Dog food Salmonella outbreak grows; family of infant files lawsuit

When I talk about toddlers learning to crawl and heading for the dog dish, I’m not thinking of 8-week-olds.

A federal lawsuit in New Jersey alleging an infant was sickened by salmonella-contaminated dog food may be the first in the nation to hit the courts in the wake of a recent pet food recall.

The New Jersey Law Journal reports at least 15 people in nine states and Canada have reportedly fallen ill as a result of contact with pet food made by Diamond Pet Foods, which announced the recall on April 6 and has since expanded it to additional brands.

Eisenberg v. Diamond Pet Food Processors, 12-cv- 3127, filed May 25 in federal court in Trenton, alleges that a two-month-old child became sick with diarrhea, fever and loss of appetite on April 11. A day later, his pediatrician sent him to St. Peter’s University Hospital, where he spent three days and was diagnosed with salmonella. A stool sample later tested positive for the same strain of salmonella that spurred the recall, salmonella infantis.

The child’s father, Nevin Eisenberg of Marlboro, alleges he bought a bag of a Diamond brand — Kirkland Signature Super Premium Healthy Weight Dog Food with chicken and vegetables — at the Costco Wholesale Corporation store in Morganville.

The complaint does not specify how the child, identified as C.A.E., became exposed to salmonella.

But, the U.S. Food and Drug Administration warned yesterday the multi-state outbreak of Salmonella Infantis infections continues to grow.

FDA became involved in early April when the Michigan Department of Agriculture and Rural Development reported detecting Salmonella from an intact package of Diamond Naturals Lamb and Rice Formula for Adult Dogs, collected during retail surveillance sampling. Diamond Pet Food was notified of the sampling results, and agreed to voluntarily recall this product on April 6, 2012.

At that time, there were no known dog illnesses reported.

An additional finding of Salmonella in a sample taken by the Ohio Department of Agriculture, from an opened bag of Diamond Brand Chicken Soup for the Pet Lover’s Soul Adult Light Formula dry dog food collected from the home of an ill person, and an unopened bag of the product collected from a retail store led to a recall of that product on April 26, 2012

A sample of Diamond Puppy Formula dry dog food collected by FDA during an inspection at the South Carolina production facility also yielded Salmonella Infantis, which led to a recall of that product on April 30, 2012.

Public health officials used DNA fingerprints of Salmonella bacteria obtained through diagnostic testing with pulsed-field gel electrophoresis, or PFGE, to investigate cases of human illness. CDC reports that this outbreak strain (Infantis) is rare, and typically only 0 to 3 cases are reported per month to PulseNet.

Through interviews by state public health officials, FDA’s review of consumer complaints, and from a comparison of pet products from human exposure, some brands of dry pet food produced by Diamond Pets Foods at a single manufacturing facility in South Carolina have now been linked to human Salmonella infections.

FDA, CDC, and state investigations are ongoing in an effort to determine if other brands of dry dog food produced at the South Carolina facility may be linked to confirmed human illnesses. FDA will provide updates on the investigation as new information becomes available.

3 infants stricken with E. coli O157 at Scottish nursery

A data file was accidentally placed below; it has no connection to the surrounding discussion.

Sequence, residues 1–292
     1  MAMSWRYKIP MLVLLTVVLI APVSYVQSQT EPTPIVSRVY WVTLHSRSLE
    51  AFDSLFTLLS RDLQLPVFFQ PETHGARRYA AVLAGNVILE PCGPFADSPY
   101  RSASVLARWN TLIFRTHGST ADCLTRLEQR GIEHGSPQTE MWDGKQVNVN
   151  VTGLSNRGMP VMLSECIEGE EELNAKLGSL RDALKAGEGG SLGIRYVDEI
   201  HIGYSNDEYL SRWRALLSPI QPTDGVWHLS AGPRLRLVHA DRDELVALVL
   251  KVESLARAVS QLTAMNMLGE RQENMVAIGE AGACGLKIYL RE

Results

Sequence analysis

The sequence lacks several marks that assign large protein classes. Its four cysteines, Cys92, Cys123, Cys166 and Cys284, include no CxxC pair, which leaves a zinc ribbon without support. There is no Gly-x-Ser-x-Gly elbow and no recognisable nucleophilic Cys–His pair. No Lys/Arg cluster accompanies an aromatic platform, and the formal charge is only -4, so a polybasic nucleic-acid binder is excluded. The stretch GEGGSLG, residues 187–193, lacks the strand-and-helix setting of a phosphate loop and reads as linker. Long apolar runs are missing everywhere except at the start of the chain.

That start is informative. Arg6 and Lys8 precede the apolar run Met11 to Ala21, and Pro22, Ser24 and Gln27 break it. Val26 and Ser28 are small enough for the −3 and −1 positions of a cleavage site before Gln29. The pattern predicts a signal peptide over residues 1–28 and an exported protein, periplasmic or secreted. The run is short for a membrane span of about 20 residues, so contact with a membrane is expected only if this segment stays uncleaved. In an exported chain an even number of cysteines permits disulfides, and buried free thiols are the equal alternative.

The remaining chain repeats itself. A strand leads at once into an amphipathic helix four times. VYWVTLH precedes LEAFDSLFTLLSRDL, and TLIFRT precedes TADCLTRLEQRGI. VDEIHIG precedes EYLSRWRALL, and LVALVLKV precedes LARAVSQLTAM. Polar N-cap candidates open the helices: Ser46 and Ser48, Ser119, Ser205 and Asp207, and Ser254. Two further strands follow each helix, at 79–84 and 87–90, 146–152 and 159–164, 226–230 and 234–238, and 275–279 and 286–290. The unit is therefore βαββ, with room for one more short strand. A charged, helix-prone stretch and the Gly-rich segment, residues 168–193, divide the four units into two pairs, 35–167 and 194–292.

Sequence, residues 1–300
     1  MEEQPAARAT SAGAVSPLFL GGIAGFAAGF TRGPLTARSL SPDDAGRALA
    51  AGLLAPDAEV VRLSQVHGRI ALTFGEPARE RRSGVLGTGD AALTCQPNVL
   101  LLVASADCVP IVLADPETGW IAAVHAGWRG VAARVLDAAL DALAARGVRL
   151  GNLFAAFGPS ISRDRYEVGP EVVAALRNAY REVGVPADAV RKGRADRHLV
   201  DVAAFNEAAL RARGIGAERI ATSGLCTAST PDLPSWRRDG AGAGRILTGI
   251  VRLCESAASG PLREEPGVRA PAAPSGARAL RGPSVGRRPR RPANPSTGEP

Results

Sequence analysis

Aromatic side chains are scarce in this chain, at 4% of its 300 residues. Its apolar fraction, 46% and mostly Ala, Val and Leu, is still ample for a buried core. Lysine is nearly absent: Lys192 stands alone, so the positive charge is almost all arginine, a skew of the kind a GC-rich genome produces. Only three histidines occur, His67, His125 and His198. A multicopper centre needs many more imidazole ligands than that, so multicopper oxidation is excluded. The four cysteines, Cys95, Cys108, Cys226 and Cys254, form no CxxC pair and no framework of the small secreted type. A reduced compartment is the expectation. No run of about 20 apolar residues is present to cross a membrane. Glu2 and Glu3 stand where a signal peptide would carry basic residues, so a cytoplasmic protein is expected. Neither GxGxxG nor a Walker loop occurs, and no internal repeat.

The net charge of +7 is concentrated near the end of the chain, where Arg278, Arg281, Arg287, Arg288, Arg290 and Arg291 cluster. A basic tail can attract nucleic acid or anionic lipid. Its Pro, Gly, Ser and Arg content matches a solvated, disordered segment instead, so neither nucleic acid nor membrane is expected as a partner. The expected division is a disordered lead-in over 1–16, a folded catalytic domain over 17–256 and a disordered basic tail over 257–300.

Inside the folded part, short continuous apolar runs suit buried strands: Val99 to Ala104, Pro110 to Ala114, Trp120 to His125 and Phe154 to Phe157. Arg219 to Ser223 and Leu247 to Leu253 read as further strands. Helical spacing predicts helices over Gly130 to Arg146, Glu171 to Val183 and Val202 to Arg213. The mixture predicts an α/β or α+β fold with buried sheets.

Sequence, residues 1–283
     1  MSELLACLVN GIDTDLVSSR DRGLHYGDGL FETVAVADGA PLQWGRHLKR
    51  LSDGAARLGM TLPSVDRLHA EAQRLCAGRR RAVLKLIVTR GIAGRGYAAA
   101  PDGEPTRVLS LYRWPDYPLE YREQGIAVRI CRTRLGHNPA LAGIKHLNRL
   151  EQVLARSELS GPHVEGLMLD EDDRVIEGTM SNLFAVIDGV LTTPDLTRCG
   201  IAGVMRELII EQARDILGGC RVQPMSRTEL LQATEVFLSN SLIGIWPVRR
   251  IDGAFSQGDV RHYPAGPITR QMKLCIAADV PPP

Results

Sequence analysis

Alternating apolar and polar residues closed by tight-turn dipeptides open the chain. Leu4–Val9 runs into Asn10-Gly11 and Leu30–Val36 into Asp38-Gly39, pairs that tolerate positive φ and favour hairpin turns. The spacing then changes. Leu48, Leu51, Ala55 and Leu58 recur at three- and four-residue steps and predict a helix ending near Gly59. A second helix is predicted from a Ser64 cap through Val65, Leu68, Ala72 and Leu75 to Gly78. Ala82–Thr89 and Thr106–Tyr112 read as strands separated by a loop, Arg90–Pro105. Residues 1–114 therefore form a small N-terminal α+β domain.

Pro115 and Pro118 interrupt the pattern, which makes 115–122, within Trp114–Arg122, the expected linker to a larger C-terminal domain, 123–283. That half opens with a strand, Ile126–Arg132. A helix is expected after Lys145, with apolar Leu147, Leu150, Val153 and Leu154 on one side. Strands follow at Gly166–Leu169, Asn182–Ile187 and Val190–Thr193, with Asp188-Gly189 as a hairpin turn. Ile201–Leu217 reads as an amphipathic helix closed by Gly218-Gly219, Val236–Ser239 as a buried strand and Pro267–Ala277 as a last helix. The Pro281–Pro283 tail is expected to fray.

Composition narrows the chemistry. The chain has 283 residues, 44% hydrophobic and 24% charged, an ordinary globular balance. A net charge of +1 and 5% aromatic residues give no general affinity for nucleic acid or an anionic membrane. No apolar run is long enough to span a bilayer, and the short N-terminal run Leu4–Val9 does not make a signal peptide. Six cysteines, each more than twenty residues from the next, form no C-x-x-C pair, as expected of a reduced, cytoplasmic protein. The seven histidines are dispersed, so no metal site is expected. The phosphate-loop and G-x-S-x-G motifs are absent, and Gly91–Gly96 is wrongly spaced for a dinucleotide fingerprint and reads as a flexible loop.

It’s an unfortunate, but familiar story for UK childcares.

The Scotsman reports three infants were being treated in hospital following a suspected E coli O157 outbreak linked to the baby unit at a nursery school.

NHS Grampian confirmed that infection control specialists at the health authority are investigating two confirmed cases and four suspected cases of potentially deadly E coli O157 infection in children who attend Rose Lodge Nursery School in Aboyne, Royal Deeside.

The baby unit at the nursery school has been closed while investigations continue to identify the source of the bug. The garden in the grounds of the nursery in the heart of the village has also been declared out of bounds to the children but the nursery remains open.

The three children who have been admitted to hospital were all being cared for in the baby unit. There are a total of 40 children at the nursery, which takes children from six weeks up to the age of five.

NHS Grampian stressed yesterday the investigation to pinpoint a possible source for the bug was not focused solely on the nursery and that other potential sources of infection in the predominantly rural area were also being looked at.

A spokeswoman for NHS Grampian said no orders had been issued to close the Aboyne nursery. “The investigation is not centring on the nursery. We are also investigating other potential sources of exposure. E coli O157 are bacteria that are commonly carried in the gut of a variety of farm animals and their feces.”

NHS Grampian was informed about the first possible case of infection on Sunday night and of two other cases on Tuesday.

Babies and bearded dragons don’t mix: outbreak of reptile-associated Salmonella Tennessee, Germany 2008

 In early 2008, eight cases of Salmonella Tennessee were reported in infants in Germany; normally there is about one case per year.

Using a case–control study to identify the source of infection, German researchers report in the current issue of Vector-Borne and Zoonotic Diseases they identified 18 cases less than 3-years-old. Ten children were male; median age was 3 months (1–32 months). In 8 of 16 case households reptiles were kept. Although direct contact between child and reptile was denied, other forms of reptile contact were reported in some cases. Identical Salmonella Tennessee strains of child and reptile kept in the same household could be shown in 2 cases.

The researchers conclude that indirect contact between infants and reptiles seems to be sufficient to cause infection and should therefore be avoided.

Infants given risky herbal remedies

This is gross.

Infants as young as one month are being given either dietary botanical supplements or herbal teas.